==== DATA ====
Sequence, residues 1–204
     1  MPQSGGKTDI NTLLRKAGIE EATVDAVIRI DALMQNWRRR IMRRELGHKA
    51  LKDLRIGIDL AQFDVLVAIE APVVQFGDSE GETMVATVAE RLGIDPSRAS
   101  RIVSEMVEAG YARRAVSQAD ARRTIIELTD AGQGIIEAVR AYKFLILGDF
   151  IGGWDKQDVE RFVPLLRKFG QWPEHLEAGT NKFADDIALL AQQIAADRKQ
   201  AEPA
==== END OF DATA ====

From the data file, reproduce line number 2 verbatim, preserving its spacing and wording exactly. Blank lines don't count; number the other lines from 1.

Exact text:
     1  MPQSGGKTDI NTLLRKAGIE EATVDAVIRI DALMQNWRRR IMRRELGHKA